Learning how to interact further with our urban forest

On June 19, the LEAF office staff and friends took a trip to the Humber River. There, we met up with Alan Colley of Aboriginal Eco Tours. We took part in a smudging ceremony and took a moment to appreciate the urban forest in a way that was completely new to many of us.

 

Colley is the owner of Aboriginal Eco Tours and says that his mission is for participants to develop relationships with the land that will last for generations. He says that there are so many lessons we can learn from our natural environment, and that there’s even more to uncover if we become more engaged. He says, “…we are interwoven with everything around us and we can develop a better relationship the more we connect”.  LEAF staff first met Colley at the Toronto Botanical Garden’s Urban Ravine Symposium last year, where he led tours that showed a deep connection to the land. We were excited to learn more about our surrounding environment from his holistic and respectful perspective.

During our hour-long tour, we learned first-hand all that the urban forest could provide for us! We took refuge from the sun in the shade of the many tall trees, and we took shelter from the loud street noises in the sound-buffered green valley. Of course, we heard many birds and buzzing bees enjoying the surroundings as well. The most exciting part for me, however, was learning all the different ways in which the plants we passed could be used! Here are some that stood out:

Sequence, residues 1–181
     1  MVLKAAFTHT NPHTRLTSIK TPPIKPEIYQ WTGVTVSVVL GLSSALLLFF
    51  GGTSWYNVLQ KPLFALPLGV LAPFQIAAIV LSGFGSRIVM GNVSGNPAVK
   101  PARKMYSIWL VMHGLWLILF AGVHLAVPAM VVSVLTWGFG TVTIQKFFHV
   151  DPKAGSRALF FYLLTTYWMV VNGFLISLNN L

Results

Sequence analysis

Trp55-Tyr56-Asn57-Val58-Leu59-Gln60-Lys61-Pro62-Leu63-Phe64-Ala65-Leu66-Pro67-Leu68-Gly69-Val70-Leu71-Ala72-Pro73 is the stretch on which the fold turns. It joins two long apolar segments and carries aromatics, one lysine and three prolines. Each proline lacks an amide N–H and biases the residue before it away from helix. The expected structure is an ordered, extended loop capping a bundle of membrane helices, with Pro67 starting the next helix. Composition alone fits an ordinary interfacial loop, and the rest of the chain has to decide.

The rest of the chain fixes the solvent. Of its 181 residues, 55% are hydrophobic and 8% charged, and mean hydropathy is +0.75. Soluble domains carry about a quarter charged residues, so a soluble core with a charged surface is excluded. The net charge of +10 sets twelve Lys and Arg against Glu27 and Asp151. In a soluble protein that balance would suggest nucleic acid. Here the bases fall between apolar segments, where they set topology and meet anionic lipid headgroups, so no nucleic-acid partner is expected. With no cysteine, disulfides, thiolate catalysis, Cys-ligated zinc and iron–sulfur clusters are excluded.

Wild Grape Vine

 

 

 

 

 

 

This plant, in the Vitis genus, grows in Ontario as well as other places in North America. It thrives in low, wooded valleys and does best in damp conditions and warmer temperatures.  We each tore a piece of wild grape vine leaf on our tour and tried it—it was delicious! It has a tangy citrus flavor that can liven up any salad or summer drink!

 

Horsetail

 

 

 

 

 

 

 

A member of the genus Equisetum, horsetail is high in silica, which is why it has traditionally been used to promote hair and nail growth. Silica is also very tough, giving this plant a second life as a cleaning tool for scrubbing pots and pans. We munched on horsetail fronds during our tour, and while they didn’t have a strong taste, it would be easy to eat a little bit each day for the medicinal benefits.

 

Plantain Leaf

 

 

 

 

 

 

 

 

 

Growing all along the Humber River path, the broadleaf plantain of the Plantago genus is low-lying and unassuming. But as it turns out, it’s got magic in its leaves! It is widely recognized for its soothing properties, which can help relieve the pain of bites and cuts. All you have to do is pluck a leaf, slice open the delicate veins on the back, chew lightly and place the leaf on the affected area. While we were walking, a mosquito bit me, so I decided to test out the plantain leaf! Turns out, the broadleaf plantain is a great soother!

I would definitely seek out these species to use as a natural remedy next time I get bitten or as a delicious, fresh addition to any meal. Be sure to consult an expert before eating any local plants, however, as we also came across many plants on our walk that could make you seriously ill! Talk to a local garden store, check out our edible garden kits or book your own Aboriginal Eco Tour to learn how you can best interact with a variety of species!

 

Rachel is the Education and Marketing Assistant at LEAF.

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